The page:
STOCKTON, Utah — Wet weather in Tooele County has residents preparing for possible flooding.
With most of Utah expected to see heavy downpours at some point Wednesday, one town is preparing for the worst as recent wildfires made it vulnerable to dangerous flash flooding.
Tooele County Emergency Services has set up a sandbagging station in Stockton just in case flooding does take place near where a fire raged this summer.
Tooele residents Roberta Skordas and her son stopped by a self serve sandbagging station in Tooele Wednesday afternoon, loading up six bags, that she hopes will help protect her home from possible flooding.
They have lived in Tooele for more than two years, after moving there from Millcreek.
"Last summer when the water flooded through downtown Tooele and that was a bit shocking," said Skordas.
Which is why she isn't taking any chances this time around.
"I bought 102 year old home and I totally remodeled it," said Skordas.
"When they offered free sandbags, my son offered to help me fill some, so, we could block off the garage," said Skordas.
"We're encouraging all of the residents throughout the county to prepare their properties, to prepare their lots,, to try to prevent any kind of water from inundating their homes into their basements," said Bucky Whitehouse, Tooele County Emergency Services Director.
The Jacob City fire in July has proven troublesome for residents in and near Soldier Canyon after it burned about 4,000 acres.
Whitehouse says that area is a cause for concern with an inch of rain or more expected on Wednesday.
"Rain over the course of six hours is one thing, but heavy, intense rain over a short period of time will create what we have here today," said Whitehouse.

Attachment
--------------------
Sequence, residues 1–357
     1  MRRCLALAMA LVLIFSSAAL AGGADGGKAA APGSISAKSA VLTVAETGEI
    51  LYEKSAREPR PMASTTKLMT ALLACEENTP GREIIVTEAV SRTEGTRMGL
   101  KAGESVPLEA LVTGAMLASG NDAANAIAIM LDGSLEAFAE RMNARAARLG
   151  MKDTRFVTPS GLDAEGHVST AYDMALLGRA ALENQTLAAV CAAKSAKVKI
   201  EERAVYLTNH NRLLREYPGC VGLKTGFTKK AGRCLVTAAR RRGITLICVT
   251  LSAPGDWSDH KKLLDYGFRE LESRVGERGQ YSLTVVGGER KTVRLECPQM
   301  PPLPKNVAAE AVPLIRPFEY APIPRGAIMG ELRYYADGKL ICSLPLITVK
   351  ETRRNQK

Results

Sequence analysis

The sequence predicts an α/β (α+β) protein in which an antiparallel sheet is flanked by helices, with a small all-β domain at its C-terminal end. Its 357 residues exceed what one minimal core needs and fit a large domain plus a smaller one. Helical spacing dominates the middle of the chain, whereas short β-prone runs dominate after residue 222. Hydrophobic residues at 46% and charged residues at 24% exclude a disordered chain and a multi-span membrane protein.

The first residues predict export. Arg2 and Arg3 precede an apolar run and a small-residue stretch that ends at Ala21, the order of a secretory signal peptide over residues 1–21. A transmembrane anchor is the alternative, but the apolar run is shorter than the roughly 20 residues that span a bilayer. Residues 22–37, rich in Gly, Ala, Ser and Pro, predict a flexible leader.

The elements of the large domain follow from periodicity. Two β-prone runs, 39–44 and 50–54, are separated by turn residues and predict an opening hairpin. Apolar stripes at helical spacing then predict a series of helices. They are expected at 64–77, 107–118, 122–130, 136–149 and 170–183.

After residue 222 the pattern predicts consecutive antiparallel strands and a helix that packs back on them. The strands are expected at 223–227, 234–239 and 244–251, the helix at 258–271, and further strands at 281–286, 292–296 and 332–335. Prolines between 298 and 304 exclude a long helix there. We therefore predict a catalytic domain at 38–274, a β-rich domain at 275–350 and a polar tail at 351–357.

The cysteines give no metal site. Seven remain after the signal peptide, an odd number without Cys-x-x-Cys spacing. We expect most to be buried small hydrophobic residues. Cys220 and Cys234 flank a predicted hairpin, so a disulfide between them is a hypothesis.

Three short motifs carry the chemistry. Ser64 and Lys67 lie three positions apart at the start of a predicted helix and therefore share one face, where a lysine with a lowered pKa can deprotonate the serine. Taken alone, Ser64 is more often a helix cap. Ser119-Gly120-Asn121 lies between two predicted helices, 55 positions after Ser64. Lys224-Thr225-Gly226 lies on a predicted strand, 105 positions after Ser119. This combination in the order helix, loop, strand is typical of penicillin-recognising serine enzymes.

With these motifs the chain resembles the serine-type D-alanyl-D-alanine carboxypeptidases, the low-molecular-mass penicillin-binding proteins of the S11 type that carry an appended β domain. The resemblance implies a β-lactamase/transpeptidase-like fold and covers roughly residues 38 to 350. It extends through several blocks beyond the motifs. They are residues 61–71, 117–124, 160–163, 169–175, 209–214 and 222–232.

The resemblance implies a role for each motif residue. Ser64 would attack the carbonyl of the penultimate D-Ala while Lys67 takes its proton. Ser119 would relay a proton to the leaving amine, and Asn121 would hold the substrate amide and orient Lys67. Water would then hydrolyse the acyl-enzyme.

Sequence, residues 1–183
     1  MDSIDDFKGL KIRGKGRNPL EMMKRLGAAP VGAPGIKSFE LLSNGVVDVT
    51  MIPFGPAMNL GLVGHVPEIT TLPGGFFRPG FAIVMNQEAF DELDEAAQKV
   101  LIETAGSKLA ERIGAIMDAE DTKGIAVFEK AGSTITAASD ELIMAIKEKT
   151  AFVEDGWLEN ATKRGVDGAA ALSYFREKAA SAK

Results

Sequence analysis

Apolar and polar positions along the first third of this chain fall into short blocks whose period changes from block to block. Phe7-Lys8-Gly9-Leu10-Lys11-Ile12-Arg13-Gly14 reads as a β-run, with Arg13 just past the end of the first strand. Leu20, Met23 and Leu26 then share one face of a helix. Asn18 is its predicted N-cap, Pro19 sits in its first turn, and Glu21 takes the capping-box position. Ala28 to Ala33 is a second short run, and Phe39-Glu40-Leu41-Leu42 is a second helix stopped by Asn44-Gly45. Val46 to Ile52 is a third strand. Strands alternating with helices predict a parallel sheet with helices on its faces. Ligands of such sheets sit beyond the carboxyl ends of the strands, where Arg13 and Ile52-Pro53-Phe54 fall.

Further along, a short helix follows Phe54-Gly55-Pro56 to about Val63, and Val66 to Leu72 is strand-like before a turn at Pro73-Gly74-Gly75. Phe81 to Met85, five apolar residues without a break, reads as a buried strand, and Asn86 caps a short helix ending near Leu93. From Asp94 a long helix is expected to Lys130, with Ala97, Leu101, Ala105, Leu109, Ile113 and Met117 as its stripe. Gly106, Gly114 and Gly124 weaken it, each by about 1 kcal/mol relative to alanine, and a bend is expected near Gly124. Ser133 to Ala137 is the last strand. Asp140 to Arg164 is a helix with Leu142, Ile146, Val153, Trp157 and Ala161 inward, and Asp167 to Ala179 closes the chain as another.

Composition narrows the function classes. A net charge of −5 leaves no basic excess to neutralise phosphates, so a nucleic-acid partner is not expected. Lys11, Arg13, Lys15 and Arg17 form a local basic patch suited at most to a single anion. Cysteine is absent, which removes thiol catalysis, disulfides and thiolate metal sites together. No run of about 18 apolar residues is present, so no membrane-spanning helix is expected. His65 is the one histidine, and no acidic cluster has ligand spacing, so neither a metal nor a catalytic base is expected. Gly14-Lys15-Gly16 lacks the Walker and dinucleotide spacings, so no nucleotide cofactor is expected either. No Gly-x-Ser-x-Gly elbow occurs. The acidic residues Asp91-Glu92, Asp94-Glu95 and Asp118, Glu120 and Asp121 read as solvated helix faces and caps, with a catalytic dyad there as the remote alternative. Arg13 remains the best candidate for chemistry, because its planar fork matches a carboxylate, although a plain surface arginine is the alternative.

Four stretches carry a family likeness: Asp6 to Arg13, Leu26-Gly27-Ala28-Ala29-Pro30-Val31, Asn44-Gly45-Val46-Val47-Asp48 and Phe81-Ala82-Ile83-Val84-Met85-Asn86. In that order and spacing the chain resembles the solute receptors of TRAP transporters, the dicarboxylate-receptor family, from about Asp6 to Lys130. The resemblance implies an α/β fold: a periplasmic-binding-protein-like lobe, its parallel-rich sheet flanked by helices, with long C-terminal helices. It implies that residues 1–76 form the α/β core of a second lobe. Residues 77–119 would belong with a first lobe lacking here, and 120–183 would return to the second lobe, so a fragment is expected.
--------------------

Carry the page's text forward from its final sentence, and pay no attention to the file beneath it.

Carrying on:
The town's 37-year old water treatment plant was taken out of service following the fire due to risks of sediment and debris from contaminating the system. A month later, heavy rains caused several residents living in the mouth of the canyon to be evacuated.
He says they will have county crews out monitoring areas, like Soldier Canyon and across the county that are prone to flooding.
"If they live in a vulnerable area for flooding events to be prepared to leave their homes on short notice, so to understand what valuables they might need to take and then where they need to go," said Whitehouse.
"There's a lot of history in this canyon for a lot of residents of Stockton and Rush Valley are in general, and a lot of that history is now gone," said Stockton police chief Travis Romney earlier this summer.
Town and county response teams will be monitoring critical areas of the canyon that are prone to flooding. They also encourage the nearly 700 Stockton residents, and those throughout Tooele County, to start preparing properties before the rainfall begins.